• Security Options
        • N to both of these unless you want to try out SELinux or something :)
      • Cryptographic options
        • I don't think you need to turn any of these on, but it should be safe to do so
      • Library routines
        • Y to all of these
      • Multi-device support (RAID and LVM)
        • N to Multipath I/O support
        • N to Faulty test module
        • N to Multipath Target
        • Y to everything else
      • Kernel hacking
        • N to command-line arguments in TT mode
      • Finally, save your configuration.
    5. Build the kernel:
    6. Go get a pizza (or compile eggdrop.)
    7. Return to the place from whence you came.
      ln linux .. cd ..
  10. Setup uml_mconsole.
    tar jxf uml_utilities_20060216.tar.bz2 cd tools-20060216 make
    Of course, this didn't work on my system. It needed some encouragement. (Back in the main dir)
    wget dpkg -x libreadline5-dev_5.1-6_i386.deb readline-dev export CFLAGS="-I$PWD/readline/usr/include -L$PWD/readline-dev/usr/lib" cd tools-20060216/mconsole make ln uml_mconsole ../..
  11. Setup SLiRP.
  12. Start installing Debian!
    ./linux mem=64M ubd0=uml-drive ubd2r=debian-testing-i386-netinst.iso eth0=slirp,,./slirp root=/dev/ram rw ramdisk=10240 initrd=uml-initrd.gz netcfg/disable_dhcp=true hw-detect/start_pmcia=false debian-installer/probe/usb=false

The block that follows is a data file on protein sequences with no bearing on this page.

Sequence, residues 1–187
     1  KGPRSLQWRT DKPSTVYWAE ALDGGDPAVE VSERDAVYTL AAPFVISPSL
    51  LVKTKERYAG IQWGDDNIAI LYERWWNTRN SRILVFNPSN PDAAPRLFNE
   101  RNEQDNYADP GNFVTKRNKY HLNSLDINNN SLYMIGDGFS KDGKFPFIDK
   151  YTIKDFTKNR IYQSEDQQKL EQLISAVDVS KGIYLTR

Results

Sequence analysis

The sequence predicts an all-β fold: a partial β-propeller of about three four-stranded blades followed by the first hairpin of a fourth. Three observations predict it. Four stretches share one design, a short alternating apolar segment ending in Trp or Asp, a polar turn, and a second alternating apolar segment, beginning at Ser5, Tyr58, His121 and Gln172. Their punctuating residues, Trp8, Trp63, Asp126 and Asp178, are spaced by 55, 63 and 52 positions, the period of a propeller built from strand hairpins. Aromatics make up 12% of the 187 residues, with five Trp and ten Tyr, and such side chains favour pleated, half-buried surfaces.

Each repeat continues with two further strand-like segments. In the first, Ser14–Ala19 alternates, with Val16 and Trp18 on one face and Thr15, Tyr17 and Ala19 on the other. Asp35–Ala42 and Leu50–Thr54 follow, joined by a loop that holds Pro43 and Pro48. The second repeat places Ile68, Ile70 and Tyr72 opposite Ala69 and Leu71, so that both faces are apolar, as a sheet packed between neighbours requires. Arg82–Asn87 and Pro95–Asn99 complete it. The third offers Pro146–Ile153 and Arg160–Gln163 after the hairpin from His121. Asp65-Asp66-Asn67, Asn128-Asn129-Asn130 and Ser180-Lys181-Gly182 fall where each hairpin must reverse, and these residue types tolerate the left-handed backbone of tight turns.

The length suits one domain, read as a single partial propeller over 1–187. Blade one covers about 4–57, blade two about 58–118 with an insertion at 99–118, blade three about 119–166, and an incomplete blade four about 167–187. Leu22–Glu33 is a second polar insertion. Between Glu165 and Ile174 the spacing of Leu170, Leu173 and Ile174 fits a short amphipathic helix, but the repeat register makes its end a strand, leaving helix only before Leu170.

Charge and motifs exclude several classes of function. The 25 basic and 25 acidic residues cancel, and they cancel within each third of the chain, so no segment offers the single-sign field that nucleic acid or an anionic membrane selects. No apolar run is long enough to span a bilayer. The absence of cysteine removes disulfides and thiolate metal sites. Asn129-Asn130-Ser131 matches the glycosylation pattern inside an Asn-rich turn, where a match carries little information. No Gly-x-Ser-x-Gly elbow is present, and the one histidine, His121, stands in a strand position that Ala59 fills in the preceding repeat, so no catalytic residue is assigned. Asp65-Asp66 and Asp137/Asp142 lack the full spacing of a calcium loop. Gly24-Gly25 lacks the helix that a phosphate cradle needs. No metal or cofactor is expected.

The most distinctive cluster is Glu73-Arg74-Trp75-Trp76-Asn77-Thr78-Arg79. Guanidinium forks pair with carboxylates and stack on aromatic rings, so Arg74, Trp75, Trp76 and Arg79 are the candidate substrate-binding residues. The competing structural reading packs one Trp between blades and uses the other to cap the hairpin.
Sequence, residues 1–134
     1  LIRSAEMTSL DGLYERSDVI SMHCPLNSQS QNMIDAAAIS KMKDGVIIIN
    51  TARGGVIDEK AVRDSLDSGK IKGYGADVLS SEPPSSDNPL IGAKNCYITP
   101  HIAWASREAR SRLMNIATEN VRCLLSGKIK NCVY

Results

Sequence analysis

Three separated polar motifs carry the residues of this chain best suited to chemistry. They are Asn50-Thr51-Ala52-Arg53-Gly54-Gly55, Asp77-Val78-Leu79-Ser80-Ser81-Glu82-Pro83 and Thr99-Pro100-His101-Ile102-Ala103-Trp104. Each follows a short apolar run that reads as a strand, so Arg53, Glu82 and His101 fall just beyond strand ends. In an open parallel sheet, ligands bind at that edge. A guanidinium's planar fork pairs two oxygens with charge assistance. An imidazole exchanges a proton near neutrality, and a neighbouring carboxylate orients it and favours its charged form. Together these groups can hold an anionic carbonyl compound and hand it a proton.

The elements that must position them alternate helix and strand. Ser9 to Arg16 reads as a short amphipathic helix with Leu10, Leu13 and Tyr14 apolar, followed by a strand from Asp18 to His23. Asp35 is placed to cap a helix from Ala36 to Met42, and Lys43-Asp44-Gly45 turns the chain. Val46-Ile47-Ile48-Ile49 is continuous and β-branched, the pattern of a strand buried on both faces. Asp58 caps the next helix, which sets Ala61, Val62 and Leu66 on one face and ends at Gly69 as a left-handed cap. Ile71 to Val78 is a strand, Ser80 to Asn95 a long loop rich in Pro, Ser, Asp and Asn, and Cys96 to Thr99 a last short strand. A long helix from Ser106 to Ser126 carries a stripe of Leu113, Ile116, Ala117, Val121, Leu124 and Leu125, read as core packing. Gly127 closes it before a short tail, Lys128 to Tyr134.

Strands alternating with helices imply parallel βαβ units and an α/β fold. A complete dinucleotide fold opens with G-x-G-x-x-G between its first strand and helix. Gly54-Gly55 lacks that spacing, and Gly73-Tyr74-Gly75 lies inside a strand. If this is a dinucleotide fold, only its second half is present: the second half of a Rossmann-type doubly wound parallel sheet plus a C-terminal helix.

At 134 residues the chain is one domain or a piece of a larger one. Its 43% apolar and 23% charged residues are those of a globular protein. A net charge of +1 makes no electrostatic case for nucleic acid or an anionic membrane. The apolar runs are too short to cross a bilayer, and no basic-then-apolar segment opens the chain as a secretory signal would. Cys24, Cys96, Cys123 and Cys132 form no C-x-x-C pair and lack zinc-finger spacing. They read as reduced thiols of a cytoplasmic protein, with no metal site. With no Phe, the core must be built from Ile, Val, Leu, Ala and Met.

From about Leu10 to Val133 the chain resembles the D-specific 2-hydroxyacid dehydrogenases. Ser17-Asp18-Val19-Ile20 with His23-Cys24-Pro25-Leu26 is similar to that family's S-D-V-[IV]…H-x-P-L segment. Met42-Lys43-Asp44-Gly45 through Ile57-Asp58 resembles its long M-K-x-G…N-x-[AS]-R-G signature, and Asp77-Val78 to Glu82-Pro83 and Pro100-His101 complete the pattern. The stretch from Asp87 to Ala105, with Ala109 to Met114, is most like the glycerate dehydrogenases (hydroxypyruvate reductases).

Be sure to put your terminal program into UTF-8 mode. Also, if you're running under screen, you'll want screen to know you're really in a UTF-8 locale (LANG=en_US.UTF8). Furthermore, older versions of screen are just totally hopeless and will always screw up the first few lines of output. Live with it.
    This will be pretty straightforward, except at the beginning. Pay attention! Here is how to configure the network: Partitioning: ubda is your virtual drive. Use that.

    Once that stuff is done, you should be good to go for a while. (A long while. For example, now would probably be a good time to take a nap. (This will be especially slow because if you're reading this document, you're almost certainly running under skas0 mode, which is a lot less efficient than skas3+sysemu.)

    Update: jdike has informed me that sysemu was mainlined as of 2.6.14. Cool.

    When the time comes, it will ask you if you want to install GRUB to the master boot record. Choose to Go Back. You will find yourself back at the main menu; choose "Continue without boot loader".

    When you get to the prompt warning you that it's time to reboot, you need to pay close attention. When the UML reboots and says "UML running in (SKAS0|SKAS3|TT) mode", hit Control-C to stop it.

  13. Boot your new system!

    ./linux mem=64M ubd0=uml-drive eth0=slirp,,./slirp root=/dev/ubda1 ro
    It will run for a while and then you'll get a pile of messages that look like this:
    [42949410.210000] Virtual console 3 assigned device '/dev/pts/282'
    [42949410.270000] Virtual console 4 assigned device '/dev/pts/283'
    [42949410.270000] Virtual console 5 assigned device '/dev/pts/284'
    [42949410.270000] Virtual console 6 assigned device '/dev/pts/285'
    [42949410.320000] Virtual console 1 assigned device '/dev/pts/286'
    [42949410.320000] Virtual console 2 assigned device '/dev/pts/287'
    Find the one that says 'Virtual console 1' and then run
    screen /dev/pts/whatever
    and hit Enter.